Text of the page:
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Iran says U.S. ‘still lives in Cold War era’ after new law enacted

By Agencies | 02 Jan 2013

Iran foreign ministry spokesman Ramin Mehmanparast said on Tuesday the United States “still lives in the Cold War era” over a new law enacted by the U.S. president aimed at countering Tehran’s alleged influence in Latin America.

Mehmanparast blasted U.S. President Barack Obama and said the “Countering Iran” law was an overt intervention in the region.
The United States, he said, “still lives in the Cold War era and considers Latin America as its back yard,” AFP news agency reported.

On Friday, Obama enacted the law which through a new diplomatic and political strategy to be designed by the State Department is aimed to counter Iran’s alleged influence in Latin America.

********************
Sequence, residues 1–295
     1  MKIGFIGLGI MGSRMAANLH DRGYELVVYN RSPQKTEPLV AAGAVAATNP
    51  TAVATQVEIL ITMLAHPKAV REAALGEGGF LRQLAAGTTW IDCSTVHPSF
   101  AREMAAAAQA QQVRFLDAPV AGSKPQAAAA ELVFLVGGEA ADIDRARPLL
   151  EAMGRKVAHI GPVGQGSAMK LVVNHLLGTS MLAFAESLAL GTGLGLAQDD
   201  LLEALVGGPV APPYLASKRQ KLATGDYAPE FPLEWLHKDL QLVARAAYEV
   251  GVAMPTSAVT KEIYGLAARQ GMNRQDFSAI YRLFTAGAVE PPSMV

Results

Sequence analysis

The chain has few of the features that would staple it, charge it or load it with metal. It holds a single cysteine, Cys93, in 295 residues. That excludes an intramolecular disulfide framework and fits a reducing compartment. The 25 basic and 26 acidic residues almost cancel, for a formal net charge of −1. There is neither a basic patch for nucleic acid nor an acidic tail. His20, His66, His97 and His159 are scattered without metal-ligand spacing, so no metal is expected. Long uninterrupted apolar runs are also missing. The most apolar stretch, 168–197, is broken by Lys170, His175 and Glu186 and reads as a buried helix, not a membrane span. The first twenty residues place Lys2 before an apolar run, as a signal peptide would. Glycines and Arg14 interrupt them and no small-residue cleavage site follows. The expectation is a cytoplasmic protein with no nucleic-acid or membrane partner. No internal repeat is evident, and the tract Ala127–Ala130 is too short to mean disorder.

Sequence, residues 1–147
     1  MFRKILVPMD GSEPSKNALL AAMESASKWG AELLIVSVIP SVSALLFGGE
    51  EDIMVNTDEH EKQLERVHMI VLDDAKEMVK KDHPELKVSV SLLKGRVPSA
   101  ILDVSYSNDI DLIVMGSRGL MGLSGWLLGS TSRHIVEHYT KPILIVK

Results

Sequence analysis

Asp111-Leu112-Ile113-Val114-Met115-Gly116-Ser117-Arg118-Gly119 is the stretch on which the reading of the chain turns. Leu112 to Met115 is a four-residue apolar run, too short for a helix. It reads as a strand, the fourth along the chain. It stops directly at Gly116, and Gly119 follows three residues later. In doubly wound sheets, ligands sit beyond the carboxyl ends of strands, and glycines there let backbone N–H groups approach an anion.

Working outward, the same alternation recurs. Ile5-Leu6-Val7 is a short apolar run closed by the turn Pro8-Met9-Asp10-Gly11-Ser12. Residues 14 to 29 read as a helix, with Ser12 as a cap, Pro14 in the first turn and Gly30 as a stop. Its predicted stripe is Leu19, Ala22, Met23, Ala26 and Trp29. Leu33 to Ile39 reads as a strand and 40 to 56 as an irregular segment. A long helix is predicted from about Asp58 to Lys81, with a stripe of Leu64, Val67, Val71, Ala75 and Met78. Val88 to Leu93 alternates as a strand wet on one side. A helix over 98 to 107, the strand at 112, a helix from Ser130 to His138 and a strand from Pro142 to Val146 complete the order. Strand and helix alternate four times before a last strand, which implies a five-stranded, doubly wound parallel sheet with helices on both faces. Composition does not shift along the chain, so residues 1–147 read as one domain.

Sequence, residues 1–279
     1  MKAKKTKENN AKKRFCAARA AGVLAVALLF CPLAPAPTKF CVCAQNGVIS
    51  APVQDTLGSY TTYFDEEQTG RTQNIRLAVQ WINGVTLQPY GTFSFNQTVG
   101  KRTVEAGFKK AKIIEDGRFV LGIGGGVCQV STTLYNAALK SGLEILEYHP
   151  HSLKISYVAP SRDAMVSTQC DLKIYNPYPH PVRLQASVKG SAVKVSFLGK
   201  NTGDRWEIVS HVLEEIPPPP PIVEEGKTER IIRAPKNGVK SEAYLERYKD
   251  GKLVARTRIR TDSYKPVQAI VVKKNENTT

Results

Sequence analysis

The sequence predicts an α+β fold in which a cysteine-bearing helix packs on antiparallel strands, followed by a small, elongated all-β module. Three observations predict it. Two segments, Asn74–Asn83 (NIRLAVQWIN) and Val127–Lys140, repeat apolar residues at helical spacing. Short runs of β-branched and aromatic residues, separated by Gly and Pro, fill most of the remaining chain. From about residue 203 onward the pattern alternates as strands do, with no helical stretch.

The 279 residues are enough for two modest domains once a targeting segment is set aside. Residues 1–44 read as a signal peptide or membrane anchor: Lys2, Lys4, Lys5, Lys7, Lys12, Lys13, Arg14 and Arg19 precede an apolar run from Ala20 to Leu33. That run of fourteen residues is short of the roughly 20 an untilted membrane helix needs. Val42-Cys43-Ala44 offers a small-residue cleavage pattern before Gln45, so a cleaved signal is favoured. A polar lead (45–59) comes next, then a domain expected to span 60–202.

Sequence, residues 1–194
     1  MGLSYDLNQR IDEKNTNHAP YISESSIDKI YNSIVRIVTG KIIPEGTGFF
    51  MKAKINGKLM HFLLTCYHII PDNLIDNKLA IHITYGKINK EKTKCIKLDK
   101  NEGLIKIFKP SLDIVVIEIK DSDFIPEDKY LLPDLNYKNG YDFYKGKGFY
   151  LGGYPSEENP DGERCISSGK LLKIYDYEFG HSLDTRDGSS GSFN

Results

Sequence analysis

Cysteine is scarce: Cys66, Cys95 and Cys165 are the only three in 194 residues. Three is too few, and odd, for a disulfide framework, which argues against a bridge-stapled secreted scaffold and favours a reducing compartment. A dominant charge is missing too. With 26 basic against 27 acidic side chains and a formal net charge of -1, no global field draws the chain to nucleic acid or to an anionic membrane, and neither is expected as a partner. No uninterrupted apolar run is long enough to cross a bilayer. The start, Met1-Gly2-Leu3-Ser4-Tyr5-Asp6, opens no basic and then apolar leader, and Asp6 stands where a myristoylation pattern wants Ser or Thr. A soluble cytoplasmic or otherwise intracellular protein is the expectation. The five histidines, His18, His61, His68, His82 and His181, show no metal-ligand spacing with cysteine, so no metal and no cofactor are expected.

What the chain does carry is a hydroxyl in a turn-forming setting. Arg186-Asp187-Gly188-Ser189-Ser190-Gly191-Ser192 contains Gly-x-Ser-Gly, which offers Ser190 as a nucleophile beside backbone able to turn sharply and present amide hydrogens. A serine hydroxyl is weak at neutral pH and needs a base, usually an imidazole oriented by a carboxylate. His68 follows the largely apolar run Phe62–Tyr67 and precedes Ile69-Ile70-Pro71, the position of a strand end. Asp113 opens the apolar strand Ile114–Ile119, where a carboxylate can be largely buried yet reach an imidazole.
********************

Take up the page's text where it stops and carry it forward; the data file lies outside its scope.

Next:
The Countering Iran in the Western Hemisphere Act, passed by lawmakers earlier in 2012, calls for the department to develop a strategy within 180 days to “address Iran’s growing hostile presence and activity” in the region.

The text also calls on the Department of Homeland Security to bolster surveillance at U.S. borders with Canada and Mexico to “prevent operatives from Iran, the IRGC (Iranian Revolutionary Guard Corps), its Quds Force, Hezbollah or any other terrorist organization from entering the Untied States”.

However, senior State Department and intelligence officials have indicated there is no apparent indication of illicit activities by Iran.

“It is an overt intervention in Latin American affairs... that shows they are not familiar with new world relations,” Mehmanparast told reporters.

“We recommend that they respect the nations’ right in today’s world... world public opinion does not accept such an interventionist move.”

Mehmanparast said Tehran’s relation with all nations, in particular with Latin American countries, was “friendly” based on “mutual respect and interest”.

Iran, placed under a series of international sanctions because of its suspect nuclear program, has opened six new embassies in the region since 2005 -- bringing the total to 11 -- and 17 cultural centers.